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Beatty Bio Unauthorized?

Photo of Anne Thompson By Anne Thompson | Thompson on Hollywood January 4, 2010 at 1:07AM

I'm reading (and enjoying) Peter Biskind's long-awaited Warren Beatty bio, Star: How Warren Beatty Seduced America.
Thompson on Hollywood

I'm reading (and enjoying) Peter Biskind's long-awaited Warren Beatty bio, Star: How Warren Beatty Seduced America.

The fact that the controlling and prevaricating star cooperated with Biskind at all--Beatty is quoted liberally throughout the book--is a testament to both the writer's close relationship with him and an extraordinary amount of patience. Biskind warned Beatty that he was going to write what he wanted to write. And the Vanity Fair writer, whose very gossipy first book Easy Riders, Raging Bulls sold more copies than his second, Down and Dirty Pictures, knows how to write a good lede. Star's first chapter takes off with Beatty screwing older woman Joan Collins six or seven times a day: "Maybe he did, but I just lay there," Collins said. UPDATE: The New York Post predictably focuses on Beatty's sexual conduct.

In his candid introduction, Biskind explains that he figures that Beatty went along as much as he did (withholding all the way) because he was hoping that his book would drive away several others in the works. But Ellis Amburn's mass-market paperback came and went in 2002, and Suzanne Finstad published her meaty biography, Warren Beatty: A Private Man, in 2005.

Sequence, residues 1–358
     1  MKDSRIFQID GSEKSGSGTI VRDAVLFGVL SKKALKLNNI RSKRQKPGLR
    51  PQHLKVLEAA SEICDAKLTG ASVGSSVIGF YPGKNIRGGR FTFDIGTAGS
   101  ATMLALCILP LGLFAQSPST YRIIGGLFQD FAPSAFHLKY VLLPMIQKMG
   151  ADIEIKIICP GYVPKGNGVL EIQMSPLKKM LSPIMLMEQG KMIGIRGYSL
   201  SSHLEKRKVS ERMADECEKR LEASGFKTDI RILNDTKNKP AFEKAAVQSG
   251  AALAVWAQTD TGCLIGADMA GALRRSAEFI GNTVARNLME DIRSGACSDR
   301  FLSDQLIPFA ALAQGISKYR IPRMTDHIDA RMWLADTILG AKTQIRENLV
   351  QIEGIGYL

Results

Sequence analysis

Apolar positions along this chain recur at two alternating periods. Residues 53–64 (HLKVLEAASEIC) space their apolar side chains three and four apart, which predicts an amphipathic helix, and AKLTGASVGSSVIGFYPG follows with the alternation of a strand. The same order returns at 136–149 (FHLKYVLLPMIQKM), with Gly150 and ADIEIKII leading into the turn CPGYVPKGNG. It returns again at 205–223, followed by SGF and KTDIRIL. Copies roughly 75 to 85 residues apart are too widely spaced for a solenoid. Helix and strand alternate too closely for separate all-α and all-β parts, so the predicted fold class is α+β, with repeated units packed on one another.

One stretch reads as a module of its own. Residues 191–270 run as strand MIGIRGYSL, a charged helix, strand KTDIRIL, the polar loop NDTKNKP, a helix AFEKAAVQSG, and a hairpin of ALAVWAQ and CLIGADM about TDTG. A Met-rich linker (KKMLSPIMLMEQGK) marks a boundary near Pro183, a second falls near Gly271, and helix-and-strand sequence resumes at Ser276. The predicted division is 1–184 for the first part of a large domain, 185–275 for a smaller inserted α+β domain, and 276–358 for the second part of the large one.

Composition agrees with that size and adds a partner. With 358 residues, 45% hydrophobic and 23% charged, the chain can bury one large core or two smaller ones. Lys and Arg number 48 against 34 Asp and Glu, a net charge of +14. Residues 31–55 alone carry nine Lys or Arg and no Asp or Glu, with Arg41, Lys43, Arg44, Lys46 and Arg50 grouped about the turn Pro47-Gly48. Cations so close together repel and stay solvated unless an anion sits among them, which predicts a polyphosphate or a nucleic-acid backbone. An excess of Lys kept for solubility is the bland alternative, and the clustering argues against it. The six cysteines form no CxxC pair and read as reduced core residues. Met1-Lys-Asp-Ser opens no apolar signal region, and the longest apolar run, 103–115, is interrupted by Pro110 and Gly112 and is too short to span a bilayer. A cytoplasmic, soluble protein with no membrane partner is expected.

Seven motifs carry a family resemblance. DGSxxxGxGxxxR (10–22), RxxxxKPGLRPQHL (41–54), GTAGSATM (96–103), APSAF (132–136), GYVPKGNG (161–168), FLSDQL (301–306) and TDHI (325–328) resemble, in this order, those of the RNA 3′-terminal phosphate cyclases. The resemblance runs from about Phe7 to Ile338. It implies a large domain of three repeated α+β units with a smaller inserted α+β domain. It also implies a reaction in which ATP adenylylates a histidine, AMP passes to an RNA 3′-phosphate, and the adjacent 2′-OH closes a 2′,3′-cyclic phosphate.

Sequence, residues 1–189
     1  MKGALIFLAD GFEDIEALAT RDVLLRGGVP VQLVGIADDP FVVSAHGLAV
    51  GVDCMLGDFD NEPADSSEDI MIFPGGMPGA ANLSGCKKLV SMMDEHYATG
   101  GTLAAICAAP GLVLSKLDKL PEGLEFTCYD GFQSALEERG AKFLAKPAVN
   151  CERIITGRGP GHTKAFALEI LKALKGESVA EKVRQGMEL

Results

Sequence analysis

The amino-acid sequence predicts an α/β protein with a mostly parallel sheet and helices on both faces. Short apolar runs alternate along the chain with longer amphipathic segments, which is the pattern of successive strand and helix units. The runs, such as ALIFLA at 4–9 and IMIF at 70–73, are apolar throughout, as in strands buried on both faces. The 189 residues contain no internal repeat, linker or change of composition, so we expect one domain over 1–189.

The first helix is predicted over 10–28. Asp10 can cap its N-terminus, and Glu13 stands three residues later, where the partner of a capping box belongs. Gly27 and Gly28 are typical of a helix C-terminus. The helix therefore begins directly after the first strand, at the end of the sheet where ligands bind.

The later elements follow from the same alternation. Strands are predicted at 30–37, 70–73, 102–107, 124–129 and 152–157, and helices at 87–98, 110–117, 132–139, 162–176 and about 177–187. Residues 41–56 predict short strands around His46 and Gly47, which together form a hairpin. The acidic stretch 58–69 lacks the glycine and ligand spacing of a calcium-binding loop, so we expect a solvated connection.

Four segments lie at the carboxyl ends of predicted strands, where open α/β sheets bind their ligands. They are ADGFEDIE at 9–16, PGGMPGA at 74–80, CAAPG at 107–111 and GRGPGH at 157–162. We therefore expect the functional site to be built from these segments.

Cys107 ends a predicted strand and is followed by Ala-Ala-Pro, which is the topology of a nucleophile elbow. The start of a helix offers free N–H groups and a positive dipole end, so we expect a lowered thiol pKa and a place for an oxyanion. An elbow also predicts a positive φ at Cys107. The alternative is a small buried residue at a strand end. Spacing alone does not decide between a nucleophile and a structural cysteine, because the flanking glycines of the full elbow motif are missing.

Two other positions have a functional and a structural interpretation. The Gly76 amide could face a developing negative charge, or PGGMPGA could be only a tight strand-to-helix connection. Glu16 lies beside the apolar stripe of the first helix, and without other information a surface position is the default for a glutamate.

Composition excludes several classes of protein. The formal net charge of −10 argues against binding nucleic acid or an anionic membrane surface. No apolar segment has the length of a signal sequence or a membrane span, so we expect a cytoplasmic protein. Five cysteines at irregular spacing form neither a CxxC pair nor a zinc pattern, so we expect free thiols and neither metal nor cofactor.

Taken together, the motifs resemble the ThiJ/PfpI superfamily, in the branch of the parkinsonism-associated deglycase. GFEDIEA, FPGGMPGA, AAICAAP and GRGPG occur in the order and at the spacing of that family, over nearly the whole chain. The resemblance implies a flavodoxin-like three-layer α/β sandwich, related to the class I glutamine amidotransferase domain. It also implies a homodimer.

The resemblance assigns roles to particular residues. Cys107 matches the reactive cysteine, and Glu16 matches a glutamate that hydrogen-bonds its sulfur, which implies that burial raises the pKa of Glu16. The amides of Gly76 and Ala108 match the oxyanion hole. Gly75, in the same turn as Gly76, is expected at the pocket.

Beatty works in mysterious ways. What better way to grab attention for Biskind's book than to have famed attorney Bert Fields release a statement to the Huffington Post, denying that Biskind's book was authorized:

"Mr. Biskind's tedious and boring book on Mr. Beatty was not authorized by Mr. Beatty and should not be published as an authorized biography. It contains many false assertions and purportedly quotes Mr. Beatty as saying things he never said. Other media should not repeat things from the book on the assumption that they are true or that the book is an authorized biography."

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Thompson on Hollywood

Born and raised in Manhattan, Anne Thompson grew up going to the Thalia and The New Yorker and wound up at grad Cinema Studies at NYU. She worked at United Artists and Film Comment before heading west as that magazine's west coast editor. She wrote for the LA Weekly, Sight and Sound, Empire, The New York Times and Entertainment Weekly before serving as West Coast Editor of Premiere. She wrote for The Washington Post, The London Observer, Wired, More, and Vanity Fair, and did staff stints at The Hollywood Reporter and Variety. She eventually took her blog Thompson on Hollywood to Indiewire. She taught film criticism at USC Critical Studies, and continues to host the fall semester of “Sneak Previews” for UCLA Extension.